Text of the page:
Skip to main content

Notice: this Wiki will be going read only early in 2024 and edits will no longer be possible. Please see: for the plan.

Jump to: navigation, search

FAQ Why can't I control when, where, and how my view is presented?

Plug-in writers implementing views are often frustrated by their lack of control over when and how their views are presented to the user. Common questions include the following:

  • How do I control when users can open my view?</li>
  • How do I ensure that my two views are always open at the same time?</li>
  • How do I make a view appear in a floating shell or dialog?</li>
  • How can I ensure that my view is a certain size?</li>

The answer to such questions is more philosophical than some plug-in writers would like.

As an integration platform, Eclipse must balance between customizability and conformity. The platform needs to be customizable in order to adapt to the unforeseeable needs of plug-ins being integrated into the platform. On the other hand, in order to provide a coherent user experience, components need to be presented consistently. The ultimate goal is for the user to perceive the end product as a coherent and self-consistent application rather than as a collection of isolated components that don&#146;t know anything about one another.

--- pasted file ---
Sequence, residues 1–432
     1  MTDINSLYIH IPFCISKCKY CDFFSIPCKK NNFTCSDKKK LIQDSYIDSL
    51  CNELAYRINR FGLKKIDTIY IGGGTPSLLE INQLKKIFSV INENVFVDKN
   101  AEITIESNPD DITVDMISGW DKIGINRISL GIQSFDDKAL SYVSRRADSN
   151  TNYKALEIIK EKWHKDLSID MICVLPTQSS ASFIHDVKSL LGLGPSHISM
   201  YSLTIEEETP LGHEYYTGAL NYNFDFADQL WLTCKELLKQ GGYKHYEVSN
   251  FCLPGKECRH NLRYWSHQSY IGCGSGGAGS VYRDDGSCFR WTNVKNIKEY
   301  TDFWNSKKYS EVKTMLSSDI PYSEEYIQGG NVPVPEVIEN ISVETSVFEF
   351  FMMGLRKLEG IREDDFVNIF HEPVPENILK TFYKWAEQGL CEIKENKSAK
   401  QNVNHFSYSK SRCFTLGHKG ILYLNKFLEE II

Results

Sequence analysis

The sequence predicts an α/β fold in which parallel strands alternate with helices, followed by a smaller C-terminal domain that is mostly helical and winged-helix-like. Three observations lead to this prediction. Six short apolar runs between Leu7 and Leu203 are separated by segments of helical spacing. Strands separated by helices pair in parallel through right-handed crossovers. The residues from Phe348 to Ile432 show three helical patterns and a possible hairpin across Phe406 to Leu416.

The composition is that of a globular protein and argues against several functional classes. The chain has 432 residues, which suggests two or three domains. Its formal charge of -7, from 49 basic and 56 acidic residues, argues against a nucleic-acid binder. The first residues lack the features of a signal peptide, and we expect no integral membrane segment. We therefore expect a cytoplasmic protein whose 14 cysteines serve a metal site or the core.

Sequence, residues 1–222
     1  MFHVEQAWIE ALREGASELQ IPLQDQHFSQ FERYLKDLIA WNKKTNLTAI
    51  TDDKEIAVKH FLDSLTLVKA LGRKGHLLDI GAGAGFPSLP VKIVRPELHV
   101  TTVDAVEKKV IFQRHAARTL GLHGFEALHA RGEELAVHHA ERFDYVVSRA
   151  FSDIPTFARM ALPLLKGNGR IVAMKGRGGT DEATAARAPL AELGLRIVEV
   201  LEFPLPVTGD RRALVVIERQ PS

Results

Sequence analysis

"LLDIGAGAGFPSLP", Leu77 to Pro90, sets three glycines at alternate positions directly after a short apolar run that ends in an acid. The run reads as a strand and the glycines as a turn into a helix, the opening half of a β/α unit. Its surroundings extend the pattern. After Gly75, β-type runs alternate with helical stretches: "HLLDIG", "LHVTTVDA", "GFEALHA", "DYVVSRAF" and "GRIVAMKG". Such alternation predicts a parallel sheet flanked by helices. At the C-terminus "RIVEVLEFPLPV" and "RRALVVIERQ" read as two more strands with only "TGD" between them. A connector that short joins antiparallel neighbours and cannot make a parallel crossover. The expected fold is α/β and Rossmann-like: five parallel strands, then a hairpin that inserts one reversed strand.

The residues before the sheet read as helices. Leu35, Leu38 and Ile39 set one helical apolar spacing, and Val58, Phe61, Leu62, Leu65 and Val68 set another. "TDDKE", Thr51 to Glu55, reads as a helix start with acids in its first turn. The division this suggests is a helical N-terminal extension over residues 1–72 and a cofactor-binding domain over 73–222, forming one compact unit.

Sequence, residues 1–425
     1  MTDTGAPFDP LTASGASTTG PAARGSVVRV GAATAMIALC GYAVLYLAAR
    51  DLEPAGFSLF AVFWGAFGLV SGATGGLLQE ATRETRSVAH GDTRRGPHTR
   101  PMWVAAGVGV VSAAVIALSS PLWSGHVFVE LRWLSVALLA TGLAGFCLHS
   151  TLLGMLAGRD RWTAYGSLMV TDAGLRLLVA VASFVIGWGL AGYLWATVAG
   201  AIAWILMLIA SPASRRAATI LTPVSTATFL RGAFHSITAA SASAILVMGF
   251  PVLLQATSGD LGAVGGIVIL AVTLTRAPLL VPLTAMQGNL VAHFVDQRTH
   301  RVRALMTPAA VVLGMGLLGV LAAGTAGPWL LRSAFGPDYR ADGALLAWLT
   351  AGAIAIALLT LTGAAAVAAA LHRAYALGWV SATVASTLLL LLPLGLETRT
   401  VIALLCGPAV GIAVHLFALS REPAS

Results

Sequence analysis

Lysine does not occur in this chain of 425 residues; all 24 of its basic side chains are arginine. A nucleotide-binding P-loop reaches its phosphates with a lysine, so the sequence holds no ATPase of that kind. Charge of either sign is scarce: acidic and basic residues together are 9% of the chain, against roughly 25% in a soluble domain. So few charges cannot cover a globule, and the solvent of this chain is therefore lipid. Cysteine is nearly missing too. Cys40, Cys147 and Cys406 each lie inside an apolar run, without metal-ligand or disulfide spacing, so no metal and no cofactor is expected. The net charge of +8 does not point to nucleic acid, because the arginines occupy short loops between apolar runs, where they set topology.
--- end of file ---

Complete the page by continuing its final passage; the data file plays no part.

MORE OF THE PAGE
The platform seeks this balance with views by giving the view implementer limited control over how views are presented. The view writer has control over the body of the view but little or no control over where the view appears in the workbench page, what size it has, and when it is opened or closed. This approach prevents individual views from exerting too much control over the rest of the workbench window. Because the view implementer can never foresee exactly what configuration of views and editors the end user may want to have open, it cannot make reasonable choices about what happens beyond its borders. Only users are in a position to know exactly what kind of layout they want.

Giving limited power to individual views also gives the platform the flexibility to change its look and feel between releases without breaking API compatibility. For example, version 1.0 of the platform allowed views to float as separate shells outside the workbench window, but this capability was removed in version 2.0. The API designers expose only functionality that they are confident can be supported for the long term.

See Also:

FAQ How do I create fixed views and perspectives?

This FAQ was originally published in Official Eclipse 3.0 FAQs. Copyright 2004, Pearson Education, Inc. All rights reserved. This text is made available here under the terms of the Eclipse Public License v1.0.

Back to the top